Typically experienced when there is dot work or the tattoo artist uses a single needle for linework. It is similar to a wasp sting, constantly and painful. This will be a decider for getting their next tattoo or never again to many first-time tattoo clients.
The Buzzing Or Vibrating Pain
This type of pain can be the most annoying. Any bony area on the body will make you experience this type of pain. It’s similar to the drilling sensation you feel when a dentist drills a tooth.
Areas that may experience the buzzing pain are –
- Hands and fingers
- The ribcage or flank
- Both sides of the wrist
- The shin and ankles
- Chest and collar bones
The vibrating pain can become extremely annoying, and some clients may even find it ticklish, resulting in a pull-away reaction.
Where Will A Tattoo Touch-Up Hurt The Most?
Any area on the body may be painful when you need a tattoo touch-up, but some areas are particularly painful. The kind of pain that makes you rethink your choices. The bony areas are understandable, but the following body parts are the most painful –
- Inner thighs
- Nipples and breasts
- Behind the knee
- Inner bicep
Where Will A Tattoo Touch-Up Hurt The Least?
This is not to say it will not be painful, but slightly less than the body’s sensitive areas. Again, the pain is subjective to the mentioned factors. The less painful areas are –
- Outer thigh and back of the leg
- Upper arms
- The fleshy areas of the back
When Should You Consider A Tattoo Touch-Up?
Once your tattoo is completely healed, you should book a follow-up consultation with the tattoo artist. Typically most tattoos are fully healed in 14 days, but it is safe to wait at least three weeks before returning.
The tattoo artist will inspect the tattoo and surrounding skin, and if any anomalies or flaws are identified, they will recommend a touch-up session. Usually, linework or some shaded areas may need a once-over.
Even the best tattoo artists may suggest a touch-up on some works. This is no reflection on their skill, but it is because each person’s skin is unique. If you have many breaks in a session, that may also cause it to hurt more than taking no breaks at all.
The fact that tattoo touch-ups will inevitably hurt should not deter you from getting it done when needed. The sooner you get the touch-up session, the faster the tattoo can heal and settle into the skin.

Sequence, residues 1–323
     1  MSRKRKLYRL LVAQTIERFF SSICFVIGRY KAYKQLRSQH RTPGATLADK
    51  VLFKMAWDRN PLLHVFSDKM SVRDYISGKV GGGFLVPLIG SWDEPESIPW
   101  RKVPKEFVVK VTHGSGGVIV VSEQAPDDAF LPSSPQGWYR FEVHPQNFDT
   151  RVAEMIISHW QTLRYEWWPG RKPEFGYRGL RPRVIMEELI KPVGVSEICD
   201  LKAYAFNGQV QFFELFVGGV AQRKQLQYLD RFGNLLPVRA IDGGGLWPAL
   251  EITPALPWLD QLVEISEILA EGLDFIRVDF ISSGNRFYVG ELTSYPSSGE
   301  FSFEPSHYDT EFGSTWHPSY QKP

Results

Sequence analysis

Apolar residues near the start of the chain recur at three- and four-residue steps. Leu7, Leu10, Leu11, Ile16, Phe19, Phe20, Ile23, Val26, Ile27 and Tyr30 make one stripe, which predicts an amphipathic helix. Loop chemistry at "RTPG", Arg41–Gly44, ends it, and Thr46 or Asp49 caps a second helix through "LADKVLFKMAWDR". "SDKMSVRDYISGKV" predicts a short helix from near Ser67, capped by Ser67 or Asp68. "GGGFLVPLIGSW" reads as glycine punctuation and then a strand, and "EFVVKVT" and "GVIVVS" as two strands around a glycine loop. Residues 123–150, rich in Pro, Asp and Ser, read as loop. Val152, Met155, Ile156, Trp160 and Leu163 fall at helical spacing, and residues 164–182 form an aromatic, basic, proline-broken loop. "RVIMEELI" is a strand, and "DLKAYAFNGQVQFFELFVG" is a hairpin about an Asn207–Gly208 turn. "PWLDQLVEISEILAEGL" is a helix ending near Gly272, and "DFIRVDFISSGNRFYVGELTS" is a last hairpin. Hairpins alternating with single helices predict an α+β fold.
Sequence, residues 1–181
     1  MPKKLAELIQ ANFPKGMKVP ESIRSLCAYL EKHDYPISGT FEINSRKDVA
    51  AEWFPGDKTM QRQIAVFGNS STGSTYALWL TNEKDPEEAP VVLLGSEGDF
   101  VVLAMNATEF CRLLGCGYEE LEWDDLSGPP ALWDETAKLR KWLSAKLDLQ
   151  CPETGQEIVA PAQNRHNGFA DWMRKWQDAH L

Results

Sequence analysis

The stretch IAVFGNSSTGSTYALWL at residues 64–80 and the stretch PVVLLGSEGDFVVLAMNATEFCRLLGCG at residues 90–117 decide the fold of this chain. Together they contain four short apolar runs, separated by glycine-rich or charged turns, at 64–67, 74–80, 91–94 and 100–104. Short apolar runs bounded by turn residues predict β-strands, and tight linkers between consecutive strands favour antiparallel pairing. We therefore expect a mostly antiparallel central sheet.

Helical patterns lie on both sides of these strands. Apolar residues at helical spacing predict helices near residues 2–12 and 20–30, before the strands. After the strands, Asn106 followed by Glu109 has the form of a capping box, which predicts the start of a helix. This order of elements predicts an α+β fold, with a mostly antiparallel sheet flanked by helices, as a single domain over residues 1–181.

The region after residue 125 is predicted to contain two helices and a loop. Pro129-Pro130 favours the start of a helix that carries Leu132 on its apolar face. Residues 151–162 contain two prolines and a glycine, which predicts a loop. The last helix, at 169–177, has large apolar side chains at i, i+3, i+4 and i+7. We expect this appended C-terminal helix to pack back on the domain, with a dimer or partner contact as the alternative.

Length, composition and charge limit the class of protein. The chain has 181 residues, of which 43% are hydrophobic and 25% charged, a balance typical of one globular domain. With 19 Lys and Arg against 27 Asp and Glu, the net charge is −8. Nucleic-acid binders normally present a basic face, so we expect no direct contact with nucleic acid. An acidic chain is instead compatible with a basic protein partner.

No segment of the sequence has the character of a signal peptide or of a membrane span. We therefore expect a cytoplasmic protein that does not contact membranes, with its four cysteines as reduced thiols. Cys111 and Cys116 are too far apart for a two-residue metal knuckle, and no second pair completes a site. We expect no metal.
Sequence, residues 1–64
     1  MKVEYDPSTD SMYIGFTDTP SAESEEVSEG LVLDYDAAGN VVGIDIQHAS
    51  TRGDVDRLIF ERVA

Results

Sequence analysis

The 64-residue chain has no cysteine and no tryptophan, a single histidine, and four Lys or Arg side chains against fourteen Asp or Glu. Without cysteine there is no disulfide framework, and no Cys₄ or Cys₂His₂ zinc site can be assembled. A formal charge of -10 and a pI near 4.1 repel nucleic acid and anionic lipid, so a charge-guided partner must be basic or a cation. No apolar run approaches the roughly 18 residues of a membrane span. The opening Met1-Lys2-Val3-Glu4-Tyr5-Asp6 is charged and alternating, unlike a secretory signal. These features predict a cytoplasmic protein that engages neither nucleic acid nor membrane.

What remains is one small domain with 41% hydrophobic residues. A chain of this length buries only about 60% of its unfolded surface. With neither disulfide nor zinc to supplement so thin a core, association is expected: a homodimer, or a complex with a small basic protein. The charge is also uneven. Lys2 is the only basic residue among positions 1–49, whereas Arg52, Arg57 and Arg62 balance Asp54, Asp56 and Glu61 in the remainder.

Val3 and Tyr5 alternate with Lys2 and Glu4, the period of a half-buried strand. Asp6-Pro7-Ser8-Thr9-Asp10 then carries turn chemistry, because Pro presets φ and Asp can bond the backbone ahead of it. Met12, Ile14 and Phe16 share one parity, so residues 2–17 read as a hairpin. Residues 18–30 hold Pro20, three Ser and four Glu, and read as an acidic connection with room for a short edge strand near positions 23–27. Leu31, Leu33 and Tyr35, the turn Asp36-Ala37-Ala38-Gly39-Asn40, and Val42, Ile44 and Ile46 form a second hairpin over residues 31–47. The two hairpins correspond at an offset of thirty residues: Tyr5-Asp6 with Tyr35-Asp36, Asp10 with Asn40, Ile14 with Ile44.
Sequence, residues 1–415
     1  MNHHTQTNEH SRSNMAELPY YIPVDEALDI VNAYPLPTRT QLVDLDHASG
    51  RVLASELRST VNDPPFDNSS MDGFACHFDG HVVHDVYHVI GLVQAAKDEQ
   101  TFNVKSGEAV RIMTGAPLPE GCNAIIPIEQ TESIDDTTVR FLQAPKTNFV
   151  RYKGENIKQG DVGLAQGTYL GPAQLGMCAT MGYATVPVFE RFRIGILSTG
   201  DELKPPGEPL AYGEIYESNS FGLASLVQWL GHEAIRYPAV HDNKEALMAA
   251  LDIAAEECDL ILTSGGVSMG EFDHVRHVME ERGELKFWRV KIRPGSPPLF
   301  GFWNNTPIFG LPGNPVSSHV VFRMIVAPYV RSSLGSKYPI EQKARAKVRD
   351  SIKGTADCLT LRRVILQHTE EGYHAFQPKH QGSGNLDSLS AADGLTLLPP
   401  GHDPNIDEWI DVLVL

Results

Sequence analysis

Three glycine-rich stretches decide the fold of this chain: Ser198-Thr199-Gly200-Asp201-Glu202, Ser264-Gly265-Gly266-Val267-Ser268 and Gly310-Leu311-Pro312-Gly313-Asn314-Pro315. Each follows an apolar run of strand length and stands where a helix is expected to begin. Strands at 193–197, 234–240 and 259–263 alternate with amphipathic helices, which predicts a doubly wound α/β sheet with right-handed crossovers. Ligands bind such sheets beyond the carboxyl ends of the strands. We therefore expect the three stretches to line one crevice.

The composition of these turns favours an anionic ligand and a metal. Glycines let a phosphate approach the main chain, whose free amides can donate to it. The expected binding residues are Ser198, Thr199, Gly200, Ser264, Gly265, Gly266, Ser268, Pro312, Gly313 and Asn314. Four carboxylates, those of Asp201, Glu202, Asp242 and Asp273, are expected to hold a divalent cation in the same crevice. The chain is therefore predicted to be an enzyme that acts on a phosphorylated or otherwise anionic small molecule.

Some of my favorite designs, tattoo books, and aftercare products, selected for you
Thank you for reading my article, I hope that you have found it helpful. If you would have trouble finding ideas for your tattoo, wonder what is meaning of design that you have found or what to buy for aftercare, to make sure that your tattoo will be healing quickly and easily, here are some of my favorite products in one place, hope that this will also help.
Design and tattoo ideas
For some ideas you can have a look at those 3 books with hundreds of designs that I use with my clients, they are available on Amazon for Kindle or in classic, paper version (links below):
- Great Book of Tattoo Designs, Revised Edition: More than 500 Body Art Designs (Fox Chapel Publishing) Fantasy, Celtic, Floral, Wildlife, and Symbol Designs for the Skin by Lora Irish
- The Big Book of Small Tattoos – Vol.1: 400 small original tattoos for women and men by Roberto Gemori
- Tiny Tattoos: Over 1,000 Small Inspirational Artworks by Rebecca Vincent.
If you would like to read more about the meaning of different tattoo styles and designs before you will decide what you would like to have, I can recommend a book that was really useful for me when I was starting my tattoo adventure – it’s “Conscious Ink: The Hidden Meaning of Tattoos” by Lisa Barretta (through the link you can find it on Amazon for around $10).
The skin at the tattoo site often dries out. To prevent it and speed up healing for my clients, I usually recommend one of those tattoo aftercare balms (you can find them on Amazon):